LONDON (Reuters) – Concerns among British employers about a new, higher UK minimum wage are contributing to a sharp slowdown in hiring via recruitment firms, according to a survey published on Thursday.
The number of people hired last month for permanent jobs via placement companies grew at the slowest pace since early 2013, when Britain’s economy was just starting a recovery, the Recruitment and Employment Confederation (REC) said.
REC Chief Executive Kevin Green said the introduction of the higher minimum wage from April next year was causing companies in some sectors to think about investing more in automation.
“This might have a positive impact on UK productivity, but it could also put the brakes on employment growth,” he said.
Chancellor of the Exchequer George Osborne has said the minimum wage will rise by 40 percent by 2020. Britain’s budget forecasters expect the change to cost a relatively low 60,000 jobs.
Green also said employers were struggling to find qualified workers and that the government should help firms bring in skilled employees from other countries.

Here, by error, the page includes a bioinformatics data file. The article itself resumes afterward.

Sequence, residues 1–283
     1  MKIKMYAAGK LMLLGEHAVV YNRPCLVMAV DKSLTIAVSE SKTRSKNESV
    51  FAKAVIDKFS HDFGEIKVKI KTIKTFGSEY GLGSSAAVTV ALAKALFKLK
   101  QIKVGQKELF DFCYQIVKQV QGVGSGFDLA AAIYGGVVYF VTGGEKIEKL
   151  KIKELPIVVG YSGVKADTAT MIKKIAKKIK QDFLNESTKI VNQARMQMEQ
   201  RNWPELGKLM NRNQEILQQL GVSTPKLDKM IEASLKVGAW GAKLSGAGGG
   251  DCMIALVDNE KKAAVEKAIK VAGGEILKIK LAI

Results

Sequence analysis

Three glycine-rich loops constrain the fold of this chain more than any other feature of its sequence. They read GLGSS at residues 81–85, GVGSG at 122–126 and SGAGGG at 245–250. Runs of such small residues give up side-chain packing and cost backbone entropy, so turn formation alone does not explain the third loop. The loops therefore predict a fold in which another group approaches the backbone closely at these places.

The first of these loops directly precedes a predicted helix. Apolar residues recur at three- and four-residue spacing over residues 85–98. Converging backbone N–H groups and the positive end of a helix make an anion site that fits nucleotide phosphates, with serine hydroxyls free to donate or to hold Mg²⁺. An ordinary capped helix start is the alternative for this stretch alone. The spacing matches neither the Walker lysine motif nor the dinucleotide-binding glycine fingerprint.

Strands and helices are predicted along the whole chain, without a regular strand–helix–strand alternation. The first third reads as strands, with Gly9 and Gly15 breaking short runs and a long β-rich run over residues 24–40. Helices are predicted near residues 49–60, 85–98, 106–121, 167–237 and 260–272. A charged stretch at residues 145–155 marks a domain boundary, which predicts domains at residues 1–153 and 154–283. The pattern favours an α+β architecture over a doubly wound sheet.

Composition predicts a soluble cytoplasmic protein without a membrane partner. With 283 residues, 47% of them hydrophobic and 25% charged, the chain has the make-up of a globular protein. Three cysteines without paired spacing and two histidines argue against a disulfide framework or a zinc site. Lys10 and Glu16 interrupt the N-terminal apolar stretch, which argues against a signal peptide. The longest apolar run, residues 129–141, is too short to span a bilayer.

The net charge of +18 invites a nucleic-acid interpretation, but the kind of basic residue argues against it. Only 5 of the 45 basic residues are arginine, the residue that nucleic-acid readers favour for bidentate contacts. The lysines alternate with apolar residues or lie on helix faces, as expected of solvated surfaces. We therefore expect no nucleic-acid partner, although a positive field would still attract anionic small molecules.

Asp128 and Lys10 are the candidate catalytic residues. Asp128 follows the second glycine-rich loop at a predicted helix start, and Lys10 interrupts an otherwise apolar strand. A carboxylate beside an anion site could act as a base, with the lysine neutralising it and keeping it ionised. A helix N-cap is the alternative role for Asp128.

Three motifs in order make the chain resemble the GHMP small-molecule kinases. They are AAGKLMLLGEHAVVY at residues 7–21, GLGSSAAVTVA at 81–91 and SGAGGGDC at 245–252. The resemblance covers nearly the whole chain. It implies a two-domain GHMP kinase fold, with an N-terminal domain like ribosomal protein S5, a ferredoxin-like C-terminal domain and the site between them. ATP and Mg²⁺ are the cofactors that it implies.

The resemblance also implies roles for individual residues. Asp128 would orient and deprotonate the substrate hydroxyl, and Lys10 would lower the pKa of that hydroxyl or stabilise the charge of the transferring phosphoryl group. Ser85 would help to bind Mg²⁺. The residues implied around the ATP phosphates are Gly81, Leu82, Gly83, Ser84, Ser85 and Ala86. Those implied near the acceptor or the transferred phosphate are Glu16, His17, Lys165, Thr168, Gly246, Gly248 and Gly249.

“This is now at a critical stage in the construction and engineering sectors, constituting a major threat to planned rail upgrades and house-building projects,” he said, referring to some of the government’s priority areas for investment.
The survey, which is sponsored by accountants KPMG, showed starting salaries for permanent hires grew at the weakest rate in 20 months. That contrasts with stronger growth in recent months in Britain’s official measure of earnings.
Wage growth is a key factor for the Bank of England (BoE) as it gauges when to raise interest rates from their crisis-era record low so it can keep future inflation in check. The BoE is expected to say on Thursday it is keeping rates at a record low.
(Reporting by William Schomberg, editing by David Milliken)